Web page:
Russia is not going to give credits to Ukraine to purchase Russian natural gas. Ukrainian Prime Minister Yulia Tymoshenko asked a five-billion-dollar loan from the Russian Federation in February of the current year. It was later reported that Russia supposedly agreed to provide such a loan if Ukraine spent $3 billion of the amount to purchase Russia’s natural gas. However, the government of Ukraine rejected the information in May.
Russian Prime Minister Putin stated at the end of April that his government had not made any decision regarding the loan to Ukraine. Putin said that Ukraine needed the money to purchase natural gas for its underground storage facilities to guarantee permanent transit of the Russian gas to Europe. Putin also said that he would be ready to consider such an opportunity only if the European Union agreed to give Ukraine 50 percent of the amount. Europe assigned the money, but it was a different amount for different purposes.
The amount of the loan, which Tymoshenko asked from Putin - $5 billion – raised numerous questions. Experts calculated that Ukraine’s Naftogaz (oil and gas corporation) would not need $5 billion, and that $1.2 billion would be more than enough. The corporation has already filled most of its storage facilities with fuel.
Jose Manuel Barroso, the President of the European Commission, stated July 31 that the Commission and international financial institutions had come to an agreement with Ukraine regarding the reform of the nation’s gas-transportation system. The agreement, Barroso said, made it possible to render financial assistance to Ukraine.
Brussels believes that Ukraine must split its oil and gas giant, Naftogaz, into two companies. One of them would deal with gas shipments on the home market, whereas the other company would work with the transit of gas to Europe. Such a state of affairs is highly unprofitable for Russia’s Gazprom. The Russian monopoly signed a contract with Nazftogaz as a single corporation before 2020 and intended to participate in the modernization of the gas pipeline transportation system in Ukraine. It would be very hard for Gazprom to reach its goals if Ukraine launches the reform of its gas industry.
It was said that the European Union was ready to give Ukraine not more than $4.2 billion – the amount, which was supposedly required to purchase gas from Russia for the winter period.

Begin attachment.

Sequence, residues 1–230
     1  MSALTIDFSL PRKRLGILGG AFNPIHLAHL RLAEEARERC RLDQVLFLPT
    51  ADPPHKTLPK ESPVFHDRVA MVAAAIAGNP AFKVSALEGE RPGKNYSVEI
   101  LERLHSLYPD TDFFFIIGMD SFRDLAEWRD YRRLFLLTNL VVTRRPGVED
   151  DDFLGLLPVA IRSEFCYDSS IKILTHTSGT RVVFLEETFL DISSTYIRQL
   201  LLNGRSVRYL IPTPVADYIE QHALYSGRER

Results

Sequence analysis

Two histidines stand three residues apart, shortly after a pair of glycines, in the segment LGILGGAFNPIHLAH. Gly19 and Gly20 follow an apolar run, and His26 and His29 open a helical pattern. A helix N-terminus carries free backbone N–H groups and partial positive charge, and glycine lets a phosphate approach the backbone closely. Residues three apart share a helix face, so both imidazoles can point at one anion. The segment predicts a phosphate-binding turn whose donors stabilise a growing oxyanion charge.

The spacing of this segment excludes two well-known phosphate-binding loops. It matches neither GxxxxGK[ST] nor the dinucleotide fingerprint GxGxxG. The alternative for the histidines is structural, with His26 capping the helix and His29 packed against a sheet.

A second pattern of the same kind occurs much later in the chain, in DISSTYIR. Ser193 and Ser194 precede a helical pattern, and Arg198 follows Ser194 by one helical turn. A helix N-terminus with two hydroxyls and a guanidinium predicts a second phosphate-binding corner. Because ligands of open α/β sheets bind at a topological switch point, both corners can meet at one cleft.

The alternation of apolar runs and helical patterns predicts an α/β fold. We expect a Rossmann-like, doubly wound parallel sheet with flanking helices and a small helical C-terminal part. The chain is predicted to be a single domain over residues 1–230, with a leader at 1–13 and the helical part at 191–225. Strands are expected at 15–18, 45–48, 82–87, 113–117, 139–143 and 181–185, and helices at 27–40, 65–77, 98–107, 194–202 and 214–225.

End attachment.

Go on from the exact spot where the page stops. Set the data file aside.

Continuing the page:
It became known in the beginning of August that European banks agreed to assign only $1.7 billion during 2009-2010. Naftogaz would spend only $300 million to purchase gas from Russia. These funds will be enough for Kiev to pay for only one month of shipments from Russia.
Ukrainian officials still hope for the Russian loan. However, it now seems that Moscow decided to leave Kiev alone with its problems.
Naftogaz may raise prices on gas inside Ukraine to be able to handle its payments with Gazprom. In addition, the Ukrainian government increased the authorized capital of the corporation which would give the company an opportunity to repay its external debt.
Naftogaz was purchasing Russian gas at $360 per one thousand cubic meters during the first quarter, and the price was reduced to $280 during the second quarter. The price for the imported gas in Ukraine during the third quarter of 2009 will make up $198 and is to be reduced to $155 per one thousand cubic meters during the fourth quarter.
Kiev expects a higher price on natural gas from the fourth quarter of 2009 or from the beginning of 2010. The price has been going down during the recent three quarters, but oil prices took a different turn: Gazprom’s prices on gas directly depend on the fluctuations of oil prices.
Therefore, it is not ruled out that Kiev will eventually ask Moscow to revise the contract, which may result in another gas conflict between Russia, Ukraine and Europe.
In a weary world of endless US military interventions, sanctions, trade tariffs and chaos, let’s pause and take stock of the shining house on the hill